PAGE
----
[I think a lot of it depends on where you live and how you grew up, but I do think that in general, those conventional roles do still exist. Personally, I’m not a fan and prefer relationships to be “equal”, but that’s kind of a Utopian ideal, i.e. great in theory, but almost impossible in practice. I don’t necessarily need a man to provide for me, or to stand up for me, or to open every door for me, but as my SO, he should want to do all those things for me, and I for him. I don’t believe I should be expected to have dinner on the table, or do the laundry, or look hot all the time, but I want to do all those things for the person I love, and he should too.

    And even if those roles to really exist, I don’t think it matters as long as both parties are cool with it. Again, I actually like being domestic, but I can’t stand the idea that I’m expected to be just because I’m a woman. Conversely, I don’t expect my partner to be “manly” and swagger around with a six-shooter on his hip and a cigar in his mouth, but I do expect him to be confident and sure of himself, and I don’t consider those things to be exclusively masculine.

    As for the courting aspect, I think it’s all cool. I’ve asked guys out on numerous occasions, with varying degrees of success, just how I suspect a lot of guys ask out numerous girls with varying degrees of success. If you’re interested, you call—it doesn’t really matter what kind of plumbing you have.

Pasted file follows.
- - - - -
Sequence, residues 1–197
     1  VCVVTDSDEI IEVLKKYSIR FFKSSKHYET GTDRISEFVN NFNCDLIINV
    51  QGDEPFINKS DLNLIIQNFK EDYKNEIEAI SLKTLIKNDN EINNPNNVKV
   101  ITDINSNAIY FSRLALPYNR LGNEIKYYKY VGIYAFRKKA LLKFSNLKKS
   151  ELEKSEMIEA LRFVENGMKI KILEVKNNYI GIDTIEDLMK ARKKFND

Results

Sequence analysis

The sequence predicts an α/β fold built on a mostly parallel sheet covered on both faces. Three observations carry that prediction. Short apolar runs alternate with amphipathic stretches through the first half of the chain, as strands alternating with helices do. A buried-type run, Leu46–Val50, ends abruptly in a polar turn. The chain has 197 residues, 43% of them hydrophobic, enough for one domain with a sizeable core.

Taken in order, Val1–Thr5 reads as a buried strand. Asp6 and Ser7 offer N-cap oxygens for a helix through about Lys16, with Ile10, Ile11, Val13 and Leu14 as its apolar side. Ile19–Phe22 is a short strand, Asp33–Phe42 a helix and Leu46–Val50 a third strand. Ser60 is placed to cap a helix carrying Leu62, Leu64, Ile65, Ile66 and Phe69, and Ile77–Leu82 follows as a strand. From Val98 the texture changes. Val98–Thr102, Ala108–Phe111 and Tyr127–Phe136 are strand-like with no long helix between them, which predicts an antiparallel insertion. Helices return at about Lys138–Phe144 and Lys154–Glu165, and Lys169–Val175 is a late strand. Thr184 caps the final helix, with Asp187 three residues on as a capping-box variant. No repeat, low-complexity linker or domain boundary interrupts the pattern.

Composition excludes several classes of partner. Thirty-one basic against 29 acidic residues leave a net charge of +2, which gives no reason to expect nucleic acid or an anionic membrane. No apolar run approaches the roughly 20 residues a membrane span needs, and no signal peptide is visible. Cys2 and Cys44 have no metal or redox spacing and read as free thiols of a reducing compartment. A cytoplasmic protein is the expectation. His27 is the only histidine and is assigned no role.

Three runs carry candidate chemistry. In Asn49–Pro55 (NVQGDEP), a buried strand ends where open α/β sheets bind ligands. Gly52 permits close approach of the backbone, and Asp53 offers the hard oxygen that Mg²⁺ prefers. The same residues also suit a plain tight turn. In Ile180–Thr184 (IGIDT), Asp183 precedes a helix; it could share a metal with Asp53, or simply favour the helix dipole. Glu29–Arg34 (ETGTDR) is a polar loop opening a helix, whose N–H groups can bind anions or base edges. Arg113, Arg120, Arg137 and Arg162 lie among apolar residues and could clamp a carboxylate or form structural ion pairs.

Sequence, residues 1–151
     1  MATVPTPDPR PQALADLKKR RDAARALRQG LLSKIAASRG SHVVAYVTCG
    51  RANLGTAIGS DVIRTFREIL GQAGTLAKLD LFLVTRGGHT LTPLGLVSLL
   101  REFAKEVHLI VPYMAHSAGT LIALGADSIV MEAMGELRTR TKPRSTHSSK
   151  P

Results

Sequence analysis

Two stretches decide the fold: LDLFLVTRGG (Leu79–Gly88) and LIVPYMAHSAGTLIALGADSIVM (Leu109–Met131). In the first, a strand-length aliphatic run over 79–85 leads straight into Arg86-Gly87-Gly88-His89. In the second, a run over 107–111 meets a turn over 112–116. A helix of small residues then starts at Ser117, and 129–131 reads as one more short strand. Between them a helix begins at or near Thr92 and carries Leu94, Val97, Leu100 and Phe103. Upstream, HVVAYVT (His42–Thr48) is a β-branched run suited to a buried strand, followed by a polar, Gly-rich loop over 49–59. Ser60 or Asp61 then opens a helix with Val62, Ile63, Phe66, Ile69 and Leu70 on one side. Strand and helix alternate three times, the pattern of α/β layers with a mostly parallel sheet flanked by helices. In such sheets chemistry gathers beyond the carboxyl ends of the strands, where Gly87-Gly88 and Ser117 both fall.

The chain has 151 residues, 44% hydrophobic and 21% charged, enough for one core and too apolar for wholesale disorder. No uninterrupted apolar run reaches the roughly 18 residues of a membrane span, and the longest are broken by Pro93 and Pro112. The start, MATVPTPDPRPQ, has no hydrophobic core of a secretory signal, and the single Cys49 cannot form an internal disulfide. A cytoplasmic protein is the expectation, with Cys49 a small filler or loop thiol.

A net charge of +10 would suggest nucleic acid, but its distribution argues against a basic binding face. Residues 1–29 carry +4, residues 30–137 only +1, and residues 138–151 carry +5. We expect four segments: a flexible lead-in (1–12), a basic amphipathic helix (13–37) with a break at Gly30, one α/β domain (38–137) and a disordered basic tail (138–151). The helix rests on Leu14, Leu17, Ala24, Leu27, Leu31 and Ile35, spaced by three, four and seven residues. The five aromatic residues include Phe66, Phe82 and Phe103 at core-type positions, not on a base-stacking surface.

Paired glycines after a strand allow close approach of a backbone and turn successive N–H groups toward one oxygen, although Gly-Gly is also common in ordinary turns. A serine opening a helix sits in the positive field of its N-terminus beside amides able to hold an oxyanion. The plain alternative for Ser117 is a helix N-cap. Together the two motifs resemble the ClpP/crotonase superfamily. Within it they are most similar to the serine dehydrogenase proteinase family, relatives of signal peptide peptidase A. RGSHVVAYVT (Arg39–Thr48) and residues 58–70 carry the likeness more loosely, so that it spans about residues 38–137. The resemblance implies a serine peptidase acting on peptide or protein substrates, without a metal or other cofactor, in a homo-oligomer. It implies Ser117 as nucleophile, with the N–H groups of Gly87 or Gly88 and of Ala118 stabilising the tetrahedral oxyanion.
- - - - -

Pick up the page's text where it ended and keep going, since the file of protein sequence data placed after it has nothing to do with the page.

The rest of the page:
3. EricaSwagger says:

    [I think this answer really depends a lot on the relationship, and the people in the relationship.
    Big picture, there are things at which men and women truly will never be “equal.” I’m very irritated by people who think this isn’t true. It’s just science, guys.

    But specific gender roles in relationships, to me, actually depend on the specific task.
    I don’t want to be the one in the relationship who kills spiders, takes out the garbage, mows the lawn, etc. The guy can have that.
    I don’t like to see my boyfriend folding laundry. Something about it bugs me. Not sure if it’s because he doesn’t fold things “right” or if it’s because I just don’t feel like it’s a task worth his time/effort. But while we’re together he’ll never fold a single shirt.

    On the flip side… I genuinely enjoy fixing things around the house. And I’d far prefer it if he cooked every night. But this is our particular situation.

    For dating… Yeah, I do expect the guy to pay for the first few dates. I mean, if I personally suggested he go to a fashion show with me or my niece’s beauty pageant, I’d probably buy the tickets. But for the most part, I’m old fashioned. Guy pays. Now that I’m in a relationship, we split. But even still, I hate paying, and my boyfriend hates when I pay. I just do it to be practical and fair.